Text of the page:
Hunter has been a volunteer for the Columbia Township Fire Department in Whitley County for more than two years and also started his career during the pandemic. “My earliest childhood memory is of me tripping and passing out at my grandparents’ house,” he shared. “The paramedics came and helped me. Throughout my life I’ve seen what they do. My high school in Columbia City had an EMT program, so I took the prerequisites my junior year and started the class in 2019. I ended up completing the course from home.” Parkview offers an EMT program like the one Hunter participated in at Huntington High School as well.
In addition to the class, participants were required to complete 24 ride along hours, 10 patient interactions and 8 hours in the ER. “I did 300 ride along hours,” he said, fondly recalling his time with the crew at Parkview Whitley. “I got a temporary EMT certification, which was unique because of COVID. When Parkview hired me, I had to drive two hours to the nearest location to take the test to become an official EMT. I started around Thanksgiving 2021.”
While both admit it was interesting to start their careers during a global pandemic, they had the advantage of not knowing any different. “It was a lot to handle, but everyone caught on quickly,” Chantey said. She ended up getting the virus in early 2022, just after completing her paramedic license. “Here I was, so excited to start in my new role and I had to wait ten days because of COVID! I was OK, though. I had a lot of nausea, but that was it.”
Of the three EMS stations in Noble County – Kendallville, Albion and Cromwell – the latter tends to be the quietest. That said, it’s incredibly important to ensure that Parkview EMS has emergency vehicles positioned in close proximity to residents throughout the county, and the three locations make that possible.
Each emergency transport vehicle is staffed by two first responders. These team members can be of various levels of training, and can therefore, deliver different levels of care.
Emergency Medical Technician (EMT) – EMTs have the skills needed to stabilize and safely transport patients for all levels of emergencies. They can administer some medications, including Narcan, nitro and oxygen, and provide life-saving treatment onsite and in transit to a medical facility.
Advanced Emergency Medical Technicians (AEMT) – AEMTs have the same training as EMTs, but can also administer additional medications, give fluids and utilize some of the more advanced life-saving equipment on the ambulance.
Paramedic – Paramedics provide advanced medical care for critical patients. This includes triage with sophisticated medical equipment, starting an IV and administering a variety of drugs.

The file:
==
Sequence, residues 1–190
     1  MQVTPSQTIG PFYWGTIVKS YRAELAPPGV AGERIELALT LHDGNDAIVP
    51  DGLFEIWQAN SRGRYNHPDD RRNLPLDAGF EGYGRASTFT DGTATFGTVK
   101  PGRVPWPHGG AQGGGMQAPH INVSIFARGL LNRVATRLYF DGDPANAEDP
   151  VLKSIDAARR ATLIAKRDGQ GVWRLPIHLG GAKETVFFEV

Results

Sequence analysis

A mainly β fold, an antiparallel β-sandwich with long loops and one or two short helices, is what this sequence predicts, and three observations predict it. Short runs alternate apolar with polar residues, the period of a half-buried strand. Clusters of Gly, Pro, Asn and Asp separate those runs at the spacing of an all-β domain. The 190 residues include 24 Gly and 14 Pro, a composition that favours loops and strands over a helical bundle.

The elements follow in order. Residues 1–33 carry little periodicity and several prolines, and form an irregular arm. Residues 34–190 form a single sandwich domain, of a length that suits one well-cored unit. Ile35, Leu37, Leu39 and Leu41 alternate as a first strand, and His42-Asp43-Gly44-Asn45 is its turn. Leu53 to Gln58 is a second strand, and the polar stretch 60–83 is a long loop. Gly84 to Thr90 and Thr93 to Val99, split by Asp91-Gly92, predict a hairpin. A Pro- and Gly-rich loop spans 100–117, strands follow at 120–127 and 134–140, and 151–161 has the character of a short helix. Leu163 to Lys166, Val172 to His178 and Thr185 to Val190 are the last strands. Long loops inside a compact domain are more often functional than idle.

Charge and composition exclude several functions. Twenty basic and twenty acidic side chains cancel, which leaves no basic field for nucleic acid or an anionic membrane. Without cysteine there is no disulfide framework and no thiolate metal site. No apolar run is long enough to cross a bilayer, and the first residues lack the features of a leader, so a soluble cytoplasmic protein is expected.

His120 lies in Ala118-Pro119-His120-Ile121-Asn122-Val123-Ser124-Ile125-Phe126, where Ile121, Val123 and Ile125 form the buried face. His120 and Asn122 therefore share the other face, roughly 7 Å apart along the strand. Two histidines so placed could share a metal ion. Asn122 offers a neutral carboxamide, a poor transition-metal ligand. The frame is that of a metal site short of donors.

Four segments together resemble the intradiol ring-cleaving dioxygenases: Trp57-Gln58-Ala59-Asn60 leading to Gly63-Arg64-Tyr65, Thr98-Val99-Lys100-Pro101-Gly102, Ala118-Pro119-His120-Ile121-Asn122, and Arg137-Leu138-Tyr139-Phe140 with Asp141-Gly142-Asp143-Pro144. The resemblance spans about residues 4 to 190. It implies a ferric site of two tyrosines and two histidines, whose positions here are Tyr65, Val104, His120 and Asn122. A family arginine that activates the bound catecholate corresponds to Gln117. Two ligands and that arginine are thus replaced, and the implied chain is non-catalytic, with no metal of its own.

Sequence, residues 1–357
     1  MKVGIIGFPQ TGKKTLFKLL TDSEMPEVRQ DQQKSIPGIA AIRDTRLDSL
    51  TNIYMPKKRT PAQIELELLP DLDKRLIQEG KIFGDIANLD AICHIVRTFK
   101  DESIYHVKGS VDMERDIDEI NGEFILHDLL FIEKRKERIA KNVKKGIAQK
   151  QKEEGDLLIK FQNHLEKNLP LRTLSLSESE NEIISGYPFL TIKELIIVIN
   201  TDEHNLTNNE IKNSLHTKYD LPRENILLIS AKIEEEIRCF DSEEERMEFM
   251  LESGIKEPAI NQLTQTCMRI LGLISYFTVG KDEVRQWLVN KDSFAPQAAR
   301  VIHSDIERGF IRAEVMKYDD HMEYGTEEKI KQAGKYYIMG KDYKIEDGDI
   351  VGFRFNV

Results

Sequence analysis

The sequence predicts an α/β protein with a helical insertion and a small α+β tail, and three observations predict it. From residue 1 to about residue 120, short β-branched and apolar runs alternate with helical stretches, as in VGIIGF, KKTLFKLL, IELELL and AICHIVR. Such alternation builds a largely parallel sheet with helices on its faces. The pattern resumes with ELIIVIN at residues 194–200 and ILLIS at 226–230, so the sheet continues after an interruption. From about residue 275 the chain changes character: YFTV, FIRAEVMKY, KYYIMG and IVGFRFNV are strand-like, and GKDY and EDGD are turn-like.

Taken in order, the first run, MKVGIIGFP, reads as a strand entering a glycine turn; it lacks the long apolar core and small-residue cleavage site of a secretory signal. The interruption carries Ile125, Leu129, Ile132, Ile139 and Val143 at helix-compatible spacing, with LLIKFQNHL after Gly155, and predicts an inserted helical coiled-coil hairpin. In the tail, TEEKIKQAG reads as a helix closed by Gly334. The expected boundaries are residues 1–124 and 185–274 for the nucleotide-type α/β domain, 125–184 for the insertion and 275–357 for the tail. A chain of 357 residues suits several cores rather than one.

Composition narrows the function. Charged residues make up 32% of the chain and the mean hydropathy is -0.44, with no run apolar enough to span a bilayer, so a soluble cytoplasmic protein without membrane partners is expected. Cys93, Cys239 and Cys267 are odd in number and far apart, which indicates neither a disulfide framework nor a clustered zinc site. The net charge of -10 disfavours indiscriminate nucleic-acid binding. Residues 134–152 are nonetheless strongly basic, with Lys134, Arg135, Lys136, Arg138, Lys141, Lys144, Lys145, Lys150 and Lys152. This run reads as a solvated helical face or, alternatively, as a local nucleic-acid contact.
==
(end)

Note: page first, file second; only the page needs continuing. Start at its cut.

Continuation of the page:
Chantey and Hunter are on Medic 53, a Mercedes-Benz Sprinter emergency van. Medic 51 and 54 primarily stay at the Kendallville station, and Medic 52 is stationed at Albion. If you’re looking for a thorough tour of the vehicle, Hunter is the man for the job.
“Everything has a purpose and a place,” he said, “and usually it’s within arm’s reach.” While the corridor in the back feels narrow, it is packed with utility. If a patient requires basic life support, Hunter will ride in the back, but if they need critical care, Chantey oversees the patient on scene and during transport.
He took me through the equipment and supplies, from the back of the van to the front. The average EMT course is six months to two years long, and it takes every bit of that time to learn the tools necessary to save a life. Every bag is designated to a set of circumstances – cardiac event, pediatric case, general first response, etc. Every shelf holds the remedies to a crisis – trauma, airway, etc. Everything is color coded, conveniently located and designed for speed and ease. Some of the equipment on the van gets used more than others, but everything stays. “We have things for high acuity, low frequency events, like a mass shooting. You don’t know when you’ll need these items, but you want to be ready in case.”
It's imperative that both partners know the layout and inventory of the van. Hunter might not be able to utilize everything on board, but he has to be able to locate items and get them to Chantey quickly if she needs them.
After she finished charting for their 6 o’clock run, Chantey came out and joined us in the garage. I asked what they liked most about their work. “Everything,” Hunter said in his succinct style.
“I like being outside,” Chantey offered. “And I like that every day is a little different.”
“That has to be challenging, too,” I countered. “Not knowing what you’re walking into.”
“There’s a lot of problem-solving in what we do,” Chantey said. “We are facing a different situation, in a different environment, with different people on every single call we answer. There might be pets, bystanders, hysterical loved ones, and our job is to care for the patient, but also talk to a lot of other people.
“I was really timid when I first started. I struggled with small talk and communicating to patients. But now, I’m much better at it and I understand why it’s so important. We are advocates for patients. We are really good at explaining things to them and getting them the help they need. You would be amazed how many people call 911 or have a loved one call, but they don’t want to go to the hospital. But that might be just what they need. Sometimes we might need to involve the ER physician, or walk them through things several times, but we are always going to try and advocate for that patient.”
Walking into different situations is as daunting as it is stimulating. First responders always have to trust their instincts and rely on others with special training. “Safety is a top priority for us. The goal is to get everyone through a call as safely as possible, so if we feel something isn’t right, we can always involve the police,” Chantey said. “People think that EMS works alone, but in Noble County, we work closely with other first responders, including the fire department, law enforcement and volunteers. The first responders in our area are great at making initial assessments. We communicate really well and listen to each other when we have ideas or concerns. Which is better for the patient.”